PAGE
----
Bush foreign policy all over the map

April 12, 2002|By Jules Witcover

WASHINGTON - Now that President Bush has at long last decided that "enough is enough" and he can no longer treat the Middle East cauldron as a pesky sideshow, it would be helpful to know just how he sees himself as a player on the foreign policy stage.

As the Republican presidential nominee in 2000, he repeatedly spoke of disengaging the United States from playing cop in various disputes around the globe, and particularly from aspirations of nation-building.

The Europeans expressed concern after President Bush was elected that he would go it alone, particularly since President Bill Clinton was an interventionist, albeit often reluctantly. Mr. Bush seemed to many Europeans to be veering from the Cold War tradition of multilateralism that had held together the West and NATO since the end of World War II.

Then came Sept. 11, and Mr. Bush's aggressive embrace of collective action against the perpetrators, the al-Qaida terrorist organization and the Taliban regime in Afghanistan that gave the terrorists a home. He told the world community it was time to choose sides in the war on terrorism and that anybody who "isn't with us is against us." Overnight, the unilateralist became a multilateralist.

With early success in dispersing, if not liquidating, al-Qaida and driving the Taliban from power, Mr. Bush was obliged, in the resultant vacuum, to take at least a partial hand in nation-building, in the effort to put an interim regime in Kabul.

Then came the escalation of that war to a self-imposed mission to go after his self-styled "axis of evil" engaged in the pursuit of building weapons of mass destruction - not only Saddam Hussein in Iraq but also Iran and North Korea.

It was an imperfect linkage, if it was his intent to conjure up the same sort of world peril posed by the World War II Axis powers of Nazi Germany, Fascist Italy and Imperial Japan, which really did constitute a working alliance of evil.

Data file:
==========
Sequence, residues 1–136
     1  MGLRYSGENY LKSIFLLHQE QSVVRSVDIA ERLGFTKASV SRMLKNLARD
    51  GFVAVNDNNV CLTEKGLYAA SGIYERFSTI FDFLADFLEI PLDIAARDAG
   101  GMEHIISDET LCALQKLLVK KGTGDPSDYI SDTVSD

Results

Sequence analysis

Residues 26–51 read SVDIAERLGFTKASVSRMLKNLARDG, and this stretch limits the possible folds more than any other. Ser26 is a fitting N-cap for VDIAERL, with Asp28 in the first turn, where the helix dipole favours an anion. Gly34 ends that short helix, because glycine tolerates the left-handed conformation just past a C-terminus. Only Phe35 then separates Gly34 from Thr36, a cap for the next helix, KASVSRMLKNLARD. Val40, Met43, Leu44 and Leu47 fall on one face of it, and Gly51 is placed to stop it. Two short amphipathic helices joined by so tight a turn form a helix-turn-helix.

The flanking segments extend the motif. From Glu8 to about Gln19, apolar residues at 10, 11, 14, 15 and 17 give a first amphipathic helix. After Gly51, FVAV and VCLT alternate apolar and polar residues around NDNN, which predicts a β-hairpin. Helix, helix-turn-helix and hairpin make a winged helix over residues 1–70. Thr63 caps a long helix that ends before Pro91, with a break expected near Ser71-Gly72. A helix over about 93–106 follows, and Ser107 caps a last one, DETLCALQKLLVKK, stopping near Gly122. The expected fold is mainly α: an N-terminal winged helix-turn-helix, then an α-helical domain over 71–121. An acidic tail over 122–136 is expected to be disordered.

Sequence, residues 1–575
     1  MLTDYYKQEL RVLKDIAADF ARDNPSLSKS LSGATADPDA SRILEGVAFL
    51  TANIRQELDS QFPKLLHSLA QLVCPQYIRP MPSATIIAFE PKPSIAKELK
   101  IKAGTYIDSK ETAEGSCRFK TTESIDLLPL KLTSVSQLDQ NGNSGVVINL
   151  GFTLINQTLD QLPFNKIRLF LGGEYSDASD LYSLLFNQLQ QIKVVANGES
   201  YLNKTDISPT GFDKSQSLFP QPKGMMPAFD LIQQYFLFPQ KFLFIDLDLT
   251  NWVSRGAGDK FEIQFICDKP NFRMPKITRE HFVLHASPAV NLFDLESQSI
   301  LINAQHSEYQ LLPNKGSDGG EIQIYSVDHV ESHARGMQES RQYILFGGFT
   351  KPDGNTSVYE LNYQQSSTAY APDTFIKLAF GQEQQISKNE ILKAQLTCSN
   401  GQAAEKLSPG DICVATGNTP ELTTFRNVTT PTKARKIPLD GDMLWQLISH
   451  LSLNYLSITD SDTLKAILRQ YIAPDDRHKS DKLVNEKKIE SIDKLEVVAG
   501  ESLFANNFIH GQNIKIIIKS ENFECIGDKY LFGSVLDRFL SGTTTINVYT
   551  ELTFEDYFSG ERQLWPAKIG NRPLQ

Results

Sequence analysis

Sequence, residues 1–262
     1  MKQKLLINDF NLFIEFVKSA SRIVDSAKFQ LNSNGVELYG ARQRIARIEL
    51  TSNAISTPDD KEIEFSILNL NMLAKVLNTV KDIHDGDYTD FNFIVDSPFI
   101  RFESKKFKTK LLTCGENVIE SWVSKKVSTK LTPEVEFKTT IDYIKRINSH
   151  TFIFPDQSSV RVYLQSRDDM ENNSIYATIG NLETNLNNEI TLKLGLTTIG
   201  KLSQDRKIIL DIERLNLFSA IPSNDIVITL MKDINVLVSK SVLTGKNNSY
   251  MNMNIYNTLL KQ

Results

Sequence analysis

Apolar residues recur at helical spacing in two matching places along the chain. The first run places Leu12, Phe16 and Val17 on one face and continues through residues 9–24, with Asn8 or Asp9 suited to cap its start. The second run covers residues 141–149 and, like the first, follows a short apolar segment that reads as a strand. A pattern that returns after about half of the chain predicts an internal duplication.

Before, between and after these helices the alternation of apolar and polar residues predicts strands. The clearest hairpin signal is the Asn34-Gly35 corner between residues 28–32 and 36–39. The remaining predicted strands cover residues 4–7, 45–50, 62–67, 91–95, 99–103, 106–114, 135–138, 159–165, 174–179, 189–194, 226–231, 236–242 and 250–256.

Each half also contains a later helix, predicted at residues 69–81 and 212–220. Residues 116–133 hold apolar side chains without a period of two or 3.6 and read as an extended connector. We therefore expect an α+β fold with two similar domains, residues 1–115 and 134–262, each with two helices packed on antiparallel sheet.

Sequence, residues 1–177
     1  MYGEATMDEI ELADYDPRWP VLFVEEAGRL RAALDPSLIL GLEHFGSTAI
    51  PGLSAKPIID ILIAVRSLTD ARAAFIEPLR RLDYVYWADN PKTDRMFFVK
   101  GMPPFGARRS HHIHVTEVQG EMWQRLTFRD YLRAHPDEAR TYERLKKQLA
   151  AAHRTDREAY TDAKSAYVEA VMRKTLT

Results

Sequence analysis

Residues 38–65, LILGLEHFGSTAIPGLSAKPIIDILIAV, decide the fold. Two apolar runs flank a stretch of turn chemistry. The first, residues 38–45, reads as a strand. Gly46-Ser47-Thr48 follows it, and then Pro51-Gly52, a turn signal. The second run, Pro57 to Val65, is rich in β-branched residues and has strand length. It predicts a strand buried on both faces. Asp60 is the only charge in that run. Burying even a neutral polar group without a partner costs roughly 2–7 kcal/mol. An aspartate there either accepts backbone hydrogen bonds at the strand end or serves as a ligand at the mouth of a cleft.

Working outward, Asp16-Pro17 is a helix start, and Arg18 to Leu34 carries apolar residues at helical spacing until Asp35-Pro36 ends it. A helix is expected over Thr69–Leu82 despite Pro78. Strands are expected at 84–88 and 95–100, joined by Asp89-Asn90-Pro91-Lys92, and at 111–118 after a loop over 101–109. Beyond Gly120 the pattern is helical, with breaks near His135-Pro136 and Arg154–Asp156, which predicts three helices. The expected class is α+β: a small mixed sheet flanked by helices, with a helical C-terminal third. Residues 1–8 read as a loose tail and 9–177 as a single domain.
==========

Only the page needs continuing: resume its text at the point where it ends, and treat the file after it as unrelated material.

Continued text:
The problem for Mr. Bush, the new multilateralist, was that the wide amalgam of nations he effectively stitched together to fight the al-Qaida terrorist peril was not nearly so ready to buy into that escalation, or to accept that imperfect linkage. Partners in the war on terrorism had varying assessments of their own about Iraq, Iran and North Korea and how the threat from each needed to be confronted.

It was not long before signals were coming from the White House and some Pentagon quarters that Mr. Bush was ready to put on his unilateralist hat again by applying military force against Iraq alone if necessary, or only with his new best international friend, British Prime Minister Tony Blair.

Meanwhile, the seemingly unending conflagration between Israel and the Arab world in the Middle East was getting progressively worse, escalating to the current Palestinian suicide bombings and brutal Israeli military crackdown. On this stage, Mr. Bush played the noninterventionist, for too long refusing to intercede personally in any meaningful way while the region was going up in smoke.

When he finally did decide to speak out, he first sided conspicuously with Israeli Prime Minister Ariel Sharon, choosing to see the military assault against the Palestinians as little more than an extension of the war on terrorism. That was fine with Mr. Sharon, but many other partners in that war, while deploring the Palestinian suicide bombings and Yasser Arafat's empty rationales of them, did not share that view.

Now Mr. Bush has finally begun to lean hard on both sides of the conflict to desist from the blood-letting, dispatching Secretary of State Colin Powell to the region. But the president is finding out that while he may be the leader of the world's only superpower, it is not enough to deliver a stern schoolmaster's admonition to Mr. Sharon and Mr. Arafat not to dare "ignore" him.

Mr. Bush may yet rise to the occasion and bring a semblance of order out of the current chaos by putting Israeli-Palestinian negotiations back on track. But the mixed foreign-policy signals he has sent to date don't inspire a lot of confidence that he knows where he's going on this front.

Jules Witcover writes from The Sun's Washington bureau.

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